Passion never dies

17:13, January 21, 2010      

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This depiction of a tiger is one of Han Meilin's art works. (Courtesy of Han Meilin Art Museum)

Han Meilin started his painting career at 13 and has never stopped his progress along his singular road for 60 years—even during harsh conditions brought about by the disastrous "cultural revolution" (1966-76). He is the first Chinese painter to have ever held a one-man exhibition in the United States. He has had an art studio named after him, the only one of its kind under the auspices of China's Artists' Association.

These kudos accrue to Han Meilin, one of the most prolific of China's contemporary painters and sculptors. Despite now being 73, he still often works for more than 18 hours a day, producing up to 200 paintings.

Born into a very poor family in 1936 in east China's Shandong Province, Han's interest in art began when he joined the army at 13. Two years later, he became a teacher of fine arts in a primary school.

In 1955, he was admitted to the Central Academy of Arts and Design, now part of the prestigious Tsinghua University, and graduated in 1960. From then until the disastrous "cultural revolution," when he was sent to prison and forced to stop painting because of accusation of "counter revolution" for quite a few years, he began to explore more professional methods of creative art.

But "My passion for painting never stopped even under such harsh conditions," said Han in an interview with Beijing Review. He secretly practiced painting by dipping the chopsticks into water and drawing on his trousers.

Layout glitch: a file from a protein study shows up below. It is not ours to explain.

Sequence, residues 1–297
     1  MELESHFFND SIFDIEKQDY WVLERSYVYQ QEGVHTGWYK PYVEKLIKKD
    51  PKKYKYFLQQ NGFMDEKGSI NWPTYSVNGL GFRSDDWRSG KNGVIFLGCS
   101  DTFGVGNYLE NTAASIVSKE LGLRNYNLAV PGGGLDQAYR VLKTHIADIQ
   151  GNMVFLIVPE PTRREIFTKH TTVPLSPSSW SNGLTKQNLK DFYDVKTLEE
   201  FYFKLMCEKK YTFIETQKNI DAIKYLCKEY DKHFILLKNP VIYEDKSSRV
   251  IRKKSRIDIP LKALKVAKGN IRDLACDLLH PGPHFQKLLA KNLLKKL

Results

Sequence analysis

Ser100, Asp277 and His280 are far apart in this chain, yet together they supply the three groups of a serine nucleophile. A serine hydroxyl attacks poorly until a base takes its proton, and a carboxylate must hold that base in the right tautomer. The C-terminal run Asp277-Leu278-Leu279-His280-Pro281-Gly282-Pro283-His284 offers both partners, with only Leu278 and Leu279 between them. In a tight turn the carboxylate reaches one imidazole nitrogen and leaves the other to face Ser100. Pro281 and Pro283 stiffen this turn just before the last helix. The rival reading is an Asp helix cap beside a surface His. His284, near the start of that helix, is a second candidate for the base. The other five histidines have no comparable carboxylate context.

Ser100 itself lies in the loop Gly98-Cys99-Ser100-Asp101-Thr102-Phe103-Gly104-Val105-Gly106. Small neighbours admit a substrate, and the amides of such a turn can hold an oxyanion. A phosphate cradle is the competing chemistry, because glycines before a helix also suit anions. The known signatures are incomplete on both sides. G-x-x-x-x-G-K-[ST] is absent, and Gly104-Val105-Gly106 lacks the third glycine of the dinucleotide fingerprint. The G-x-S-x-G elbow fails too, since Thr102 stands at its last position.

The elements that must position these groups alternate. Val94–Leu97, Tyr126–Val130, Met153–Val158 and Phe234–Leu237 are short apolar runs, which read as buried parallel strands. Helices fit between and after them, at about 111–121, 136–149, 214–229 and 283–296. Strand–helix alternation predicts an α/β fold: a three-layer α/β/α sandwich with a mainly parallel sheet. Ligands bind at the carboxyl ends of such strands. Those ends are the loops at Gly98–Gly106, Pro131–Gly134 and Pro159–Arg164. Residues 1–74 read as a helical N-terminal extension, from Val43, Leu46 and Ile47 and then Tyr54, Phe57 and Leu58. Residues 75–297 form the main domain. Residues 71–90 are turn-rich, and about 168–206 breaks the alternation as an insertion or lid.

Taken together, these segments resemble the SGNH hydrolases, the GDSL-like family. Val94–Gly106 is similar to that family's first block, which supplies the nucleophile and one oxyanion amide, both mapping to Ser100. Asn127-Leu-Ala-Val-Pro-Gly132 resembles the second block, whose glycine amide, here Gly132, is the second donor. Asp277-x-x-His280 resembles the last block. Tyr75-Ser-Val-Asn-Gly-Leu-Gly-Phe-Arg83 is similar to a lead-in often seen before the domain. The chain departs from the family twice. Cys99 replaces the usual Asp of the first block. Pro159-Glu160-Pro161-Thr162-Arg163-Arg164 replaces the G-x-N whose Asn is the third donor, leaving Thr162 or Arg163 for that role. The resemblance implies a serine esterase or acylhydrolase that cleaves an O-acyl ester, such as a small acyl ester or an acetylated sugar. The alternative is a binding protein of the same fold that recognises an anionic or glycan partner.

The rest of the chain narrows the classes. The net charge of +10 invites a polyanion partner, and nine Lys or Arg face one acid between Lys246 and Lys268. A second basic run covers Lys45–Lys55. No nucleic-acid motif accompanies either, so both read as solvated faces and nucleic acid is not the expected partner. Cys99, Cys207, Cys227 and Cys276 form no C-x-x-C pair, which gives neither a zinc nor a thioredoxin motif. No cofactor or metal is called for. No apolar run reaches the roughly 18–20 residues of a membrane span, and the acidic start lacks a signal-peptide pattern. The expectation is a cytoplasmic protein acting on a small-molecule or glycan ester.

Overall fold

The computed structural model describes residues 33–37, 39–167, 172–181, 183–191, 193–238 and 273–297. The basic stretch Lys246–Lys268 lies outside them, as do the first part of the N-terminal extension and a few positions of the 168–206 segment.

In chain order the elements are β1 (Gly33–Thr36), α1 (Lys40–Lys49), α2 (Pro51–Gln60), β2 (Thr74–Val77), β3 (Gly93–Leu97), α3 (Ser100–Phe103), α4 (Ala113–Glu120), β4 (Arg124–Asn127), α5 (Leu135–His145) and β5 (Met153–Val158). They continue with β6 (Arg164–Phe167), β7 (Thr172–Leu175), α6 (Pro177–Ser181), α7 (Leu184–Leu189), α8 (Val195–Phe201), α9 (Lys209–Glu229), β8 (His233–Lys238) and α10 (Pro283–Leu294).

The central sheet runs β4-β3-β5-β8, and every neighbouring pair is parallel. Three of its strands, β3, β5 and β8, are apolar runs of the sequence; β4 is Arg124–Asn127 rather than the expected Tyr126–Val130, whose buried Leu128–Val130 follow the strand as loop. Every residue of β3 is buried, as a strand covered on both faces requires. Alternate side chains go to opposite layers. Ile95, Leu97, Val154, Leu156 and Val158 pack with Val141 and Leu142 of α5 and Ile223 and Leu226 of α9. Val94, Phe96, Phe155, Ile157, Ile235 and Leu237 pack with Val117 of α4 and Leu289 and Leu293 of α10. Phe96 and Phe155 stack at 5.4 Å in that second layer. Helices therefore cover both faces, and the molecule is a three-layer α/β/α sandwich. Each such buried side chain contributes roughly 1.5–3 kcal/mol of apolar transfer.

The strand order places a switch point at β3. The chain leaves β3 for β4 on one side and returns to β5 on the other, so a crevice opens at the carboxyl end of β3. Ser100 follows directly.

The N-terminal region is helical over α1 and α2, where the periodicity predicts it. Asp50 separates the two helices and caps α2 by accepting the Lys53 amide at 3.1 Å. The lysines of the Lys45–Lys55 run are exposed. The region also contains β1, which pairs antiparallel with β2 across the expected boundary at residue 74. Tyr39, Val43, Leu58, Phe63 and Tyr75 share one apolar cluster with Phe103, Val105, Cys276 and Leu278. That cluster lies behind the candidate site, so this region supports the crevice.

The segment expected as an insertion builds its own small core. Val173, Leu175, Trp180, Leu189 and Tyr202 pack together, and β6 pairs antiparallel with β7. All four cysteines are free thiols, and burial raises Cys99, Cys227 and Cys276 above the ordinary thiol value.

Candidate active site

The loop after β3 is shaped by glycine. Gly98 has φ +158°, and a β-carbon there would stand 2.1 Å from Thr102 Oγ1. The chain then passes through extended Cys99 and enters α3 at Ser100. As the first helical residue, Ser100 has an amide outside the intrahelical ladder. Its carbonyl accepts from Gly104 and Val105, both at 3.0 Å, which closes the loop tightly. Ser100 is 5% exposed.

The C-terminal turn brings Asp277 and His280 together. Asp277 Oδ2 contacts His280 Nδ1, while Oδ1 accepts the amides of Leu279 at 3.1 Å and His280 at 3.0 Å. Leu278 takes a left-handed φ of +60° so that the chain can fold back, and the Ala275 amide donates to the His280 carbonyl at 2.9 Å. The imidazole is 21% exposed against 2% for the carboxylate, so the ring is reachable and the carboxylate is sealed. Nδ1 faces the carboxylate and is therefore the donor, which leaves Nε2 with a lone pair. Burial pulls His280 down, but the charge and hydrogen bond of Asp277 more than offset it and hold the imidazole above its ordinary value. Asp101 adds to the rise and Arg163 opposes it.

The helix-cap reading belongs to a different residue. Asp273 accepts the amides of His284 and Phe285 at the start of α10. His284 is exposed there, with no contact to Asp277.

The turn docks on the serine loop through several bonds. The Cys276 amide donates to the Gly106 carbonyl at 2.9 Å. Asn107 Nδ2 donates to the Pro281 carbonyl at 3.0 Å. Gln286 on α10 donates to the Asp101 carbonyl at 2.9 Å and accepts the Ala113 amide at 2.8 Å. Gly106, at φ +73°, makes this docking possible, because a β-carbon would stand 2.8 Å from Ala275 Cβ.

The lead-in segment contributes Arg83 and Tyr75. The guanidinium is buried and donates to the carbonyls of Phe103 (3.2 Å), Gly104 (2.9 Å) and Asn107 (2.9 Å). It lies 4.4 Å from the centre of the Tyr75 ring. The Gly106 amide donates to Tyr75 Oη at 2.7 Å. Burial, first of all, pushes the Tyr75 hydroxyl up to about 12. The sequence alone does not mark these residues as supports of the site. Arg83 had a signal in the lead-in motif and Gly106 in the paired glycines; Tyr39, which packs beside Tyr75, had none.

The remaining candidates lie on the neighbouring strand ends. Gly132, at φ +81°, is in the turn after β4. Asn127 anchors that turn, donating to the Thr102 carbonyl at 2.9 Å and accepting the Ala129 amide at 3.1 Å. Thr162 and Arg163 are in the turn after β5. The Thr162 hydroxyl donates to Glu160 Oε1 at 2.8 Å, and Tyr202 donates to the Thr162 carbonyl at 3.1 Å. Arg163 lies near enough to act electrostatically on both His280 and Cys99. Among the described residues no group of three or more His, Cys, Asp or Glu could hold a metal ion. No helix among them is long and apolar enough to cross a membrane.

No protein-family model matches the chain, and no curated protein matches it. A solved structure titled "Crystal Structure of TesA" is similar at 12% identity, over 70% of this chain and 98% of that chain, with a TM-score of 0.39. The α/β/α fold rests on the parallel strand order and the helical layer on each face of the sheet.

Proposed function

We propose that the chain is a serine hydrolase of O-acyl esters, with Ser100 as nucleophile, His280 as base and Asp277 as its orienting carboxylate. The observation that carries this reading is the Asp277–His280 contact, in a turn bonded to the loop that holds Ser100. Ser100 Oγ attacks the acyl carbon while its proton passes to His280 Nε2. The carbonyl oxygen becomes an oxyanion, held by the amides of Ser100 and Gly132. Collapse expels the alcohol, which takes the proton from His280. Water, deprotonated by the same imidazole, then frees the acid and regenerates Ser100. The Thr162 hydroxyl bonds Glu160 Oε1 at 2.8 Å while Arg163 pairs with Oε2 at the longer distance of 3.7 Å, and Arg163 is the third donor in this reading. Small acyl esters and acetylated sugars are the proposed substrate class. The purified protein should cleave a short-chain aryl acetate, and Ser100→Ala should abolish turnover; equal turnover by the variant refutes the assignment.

The "cultural revolution" had not ended when he was released from prison. "We still didn't have the freedom to draw anything we liked. We couldn't draw people, because that could cause a lot of problems at that time. That is how I started to draw small animals," Han said.

He gave animals human beings' feelings and emotions and made all his animals appear very lively.

Han said he tried many ways to make the animals come alive on paper. "I first wiped water on the paper and drew the picture while the paper was still wet. Then I found the ink penetrated the paper to such a degree it made the animals look very hairy."

He also tried many methods to prevent ink losing its color, such as mixing ink with soy sauce, fruit juice, tea or alcohol.

All these techniques are just painting skills, Han said, but they are not the most important part of creativity. "Love is. It is just because I experienced so much loss and suffering that I cherish love very much today." Han illustrates his point with his painting Friend in Need. It depicts a dog which kept Han company during the "cultural revolution" when he was maltreated and cared for by no one. The dog remained a loyal friend but was ultimately killed by the group of people abusing Han.

Han's sculpture series Mother and Child, which is on display at the Han Meilin Art Museum located in east Beijing's Tongzhou District, was inspired by the idea of love between mothers and children. Each mother is slender, elegant; the children, chubby and naive. They contrast incisively and vividly depict the sincerest love on earth.